Pedernales Falls State Park

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Trails Information

Trail descriptions and points of interest at Pedernales Falls State Park.

Lose yourself in the beauty and solitude of the Texas Hill Country.

Small bird perched on a twig.
Golden-cheeked warbler

With miles of trails leading to some of the most tranquil spots in the Hill Country, Pedernales Falls State Park offers a real place to get away from it all.


All trails allow hiking and biking unless otherwise indicated.

This list may not include all trails in the park.

Trail Distance Hiking Time Difficulty Description
Hackenburg Loop 1.2 mi. 1 hr. Moderate Named for one of the families who owned land here in the 1800s, this rugged trail takes you along the river to places flash floods have had serious impacts.
Twin Falls Nature Trail 0.5 mi. (round trip) 30 min. Moderate Follow the short but rugged Twin Falls Trail to one of the most beautiful spots in the Hill Country.
Pedernales Falls Trail System 0.3 - 1.8 mi. 1 hr. Moderate Take an hour or spend all day (following some of the many offshoot trails) hiking around the dramatic rock scenery of the Pedernales Falls.
5.5-Mile Loop 5.5 mi.
(round trip)
3 hrs. Moderate Be prepared to get your feet wet as you take Trammell’s Crossing across the river to access a part of the park with a rich history and gorgeous views.
Wolf Mountain Loop 5.5 mi. 
(round trip)
3 hrs. Moderate Still home to the “prairie wolf,” or coyote, the Wolf Mountain Trail offers scenic vistas, cool springs and Hill Country creeks to enjoy and explore.
Jones Spring Trail 2.6 mi. 1.5 hrs. Moderate Hike through a dense cedar forest and travel back in time when you visit Jones Spring and the ruins of a historic rock house.
Juniper Ridge Trail 9.7 mi. 6 hrs. Challenging Enjoy more technical, single-track mountain biking or just spend the day hiking this shade-covered trail.
Madrone Trail 4.3 mi. 2.5 hrs. Moderate Named for the many madrone trees found along the trail. It’s a treat to see these as they are rare in the Texas Hill Country. Please watch for traffic as you cross the county road.
Horse Trail - North 3.0 mi. 2 hrs. Easy Hike, bike or horseback ride down this easy trail to the seasonal Duck Pond where abundant wildlife come for food and water.
Horse Trail - South 11.4 mi. 8 hrs. Moderate Explore the rugged limestone hills while on horseback, mountain bike, or on foot. You can connect to other trails as well to make a longer day trip.
List of Trails

Points of Interest

GPS coordinates shown in decimal degrees.

Point Latitude Longitude 360° Views Description
Pedernales Falls / Cypress Pool  Overlook 30.3371° -98.2516° View from the main overlook

View from the second overlook
Look out over the dramatic landscape and unique geology of the rock canyon as the Pedernales River slowly carves through the bare rock.
Hill Country / River  Overlooks 30.3180° -98.2315° View from the river overlook

View from the hill country overlook
It's worth the hike to reach these overlooks, which offer some of the most breathtaking views in the park.
Trammell's Crossing 30.3080° -98.2455° View from the middle of the crossing This low-water crossing to access the section of park located across the river is named for T.J. Trammell. Trammell was an early settler and farmer who moved to the area with his family in the 1870s.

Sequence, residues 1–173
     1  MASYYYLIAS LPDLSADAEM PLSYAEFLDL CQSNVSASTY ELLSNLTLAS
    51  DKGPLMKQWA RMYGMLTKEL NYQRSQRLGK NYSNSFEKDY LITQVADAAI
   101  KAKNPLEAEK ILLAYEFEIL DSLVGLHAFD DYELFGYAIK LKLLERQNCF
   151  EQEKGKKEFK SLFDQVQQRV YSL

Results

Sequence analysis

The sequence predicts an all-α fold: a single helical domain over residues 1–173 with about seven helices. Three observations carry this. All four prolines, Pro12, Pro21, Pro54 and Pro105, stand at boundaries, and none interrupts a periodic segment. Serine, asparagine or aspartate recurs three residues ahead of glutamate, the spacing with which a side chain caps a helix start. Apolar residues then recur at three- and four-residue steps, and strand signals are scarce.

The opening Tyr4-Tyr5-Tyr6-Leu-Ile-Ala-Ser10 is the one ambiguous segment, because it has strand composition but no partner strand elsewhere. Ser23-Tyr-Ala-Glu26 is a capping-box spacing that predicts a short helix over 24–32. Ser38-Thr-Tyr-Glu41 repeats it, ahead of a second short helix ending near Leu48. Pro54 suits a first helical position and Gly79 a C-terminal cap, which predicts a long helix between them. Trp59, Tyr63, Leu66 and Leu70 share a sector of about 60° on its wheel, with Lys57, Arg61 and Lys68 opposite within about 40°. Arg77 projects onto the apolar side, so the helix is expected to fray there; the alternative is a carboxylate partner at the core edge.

Twin Falls Overlook 30.3080° -98.2481° View from the overlook platform Spring-fed and lush year-round, this secret is a green paradise to behold. Help us keep the Twin Falls pristine by staying on the trail.
Star Theater / Bird Blind 30.3256° -98.2562° View from inside the bird blind

View of bird blind area
See birds during the day and the stars at night. The bird blind is always open and the star theater is often open for astronomy programs. Check with HQ.
Jones Spring 30.2929° -98.2298° View of Jones Spring From prehistoric people to modern times, the clear water of Jones Spring has always attracted visitors to the area. It was named for D.G. and Nannie Jones, who lived in the nearby rock house, which they purchased from T.J. Trammell in about 1885.
List of Points of Interest

Staying Safe

  • Know your limits. Prepare for sun and heat. Wear sunscreen, insect repellent and appropriate clothing/hiking shoes.
  • Drink plenty of water. Your body quickly loses fluids when you’re on the trail. Bring a quart (32 oz.) of water per hour of activity.
  • Tell others where you’ll be. If possible, avoid exploring alone. Tell someone where you are going and when you plan to return.
  • Wear a helmet. When mountain biking, check with park headquarters to match the trail to your skill level. Wear a helmet to protect yourself in case of a crash.
  • You may not be able to connect. It’s a good idea to take along a cell phone and GPS unit, but don’t count on them.
  • Weather changes quickly. Check forecasts before you leave home and prepare for changes in the weather. Be aware of changes in the river – if you see the water rising or turning muddy, seek higher ground immediately.

Trail Etiquette

  • Trash your trash. Keep the park natural. Pack out all of your trash and Leave No Trace.
  • Leave feeding to nature. Feeding wild animals will make them sick and more likely to harm people.
  • Take only memories and pictures. Please don’t disturb or remove any of the park’s plants, animals or artifacts.
  • Don’t Pocket the Past. Help preserve Texas heritage. Leave artifacts where you find them and report their location to a ranger.
  • No horsing around. Horseback riders must stay on trails marked for horses. Other users yield to horseback riders on multiuse trails.
  • Keep pets on leashes for their safety, and to protect wildlife.